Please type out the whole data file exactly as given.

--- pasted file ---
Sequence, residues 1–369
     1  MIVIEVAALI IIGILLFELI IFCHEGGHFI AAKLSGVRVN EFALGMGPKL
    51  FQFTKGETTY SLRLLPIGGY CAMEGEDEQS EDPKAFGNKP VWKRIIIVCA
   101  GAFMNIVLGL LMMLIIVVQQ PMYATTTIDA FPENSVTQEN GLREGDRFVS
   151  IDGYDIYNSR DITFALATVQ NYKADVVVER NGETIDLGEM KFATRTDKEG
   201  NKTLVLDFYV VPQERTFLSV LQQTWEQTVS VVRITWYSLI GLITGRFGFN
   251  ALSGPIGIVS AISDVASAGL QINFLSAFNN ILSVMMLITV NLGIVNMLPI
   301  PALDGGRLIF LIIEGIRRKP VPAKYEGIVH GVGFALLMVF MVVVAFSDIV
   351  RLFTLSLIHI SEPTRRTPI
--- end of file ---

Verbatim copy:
Sequence, residues 1–369
     1  MIVIEVAALI IIGILLFELI IFCHEGGHFI AAKLSGVRVN EFALGMGPKL
    51  FQFTKGETTY SLRLLPIGGY CAMEGEDEQS EDPKAFGNKP VWKRIIIVCA
   101  GAFMNIVLGL LMMLIIVVQQ PMYATTTIDA FPENSVTQEN GLREGDRFVS
   151  IDGYDIYNSR DITFALATVQ NYKADVVVER NGETIDLGEM KFATRTDKEG
   201  NKTLVLDFYV VPQERTFLSV LQQTWEQTVS VVRITWYSLI GLITGRFGFN
   251  ALSGPIGIVS AISDVASAGL QINFLSAFNN ILSVMMLITV NLGIVNMLPI
   301  PALDGGRLIF LIIEGIRRKP VPAKYEGIVH GVGFALLMVF MVVVAFSDIV
   351  RLFTLSLIHI SEPTRRTPI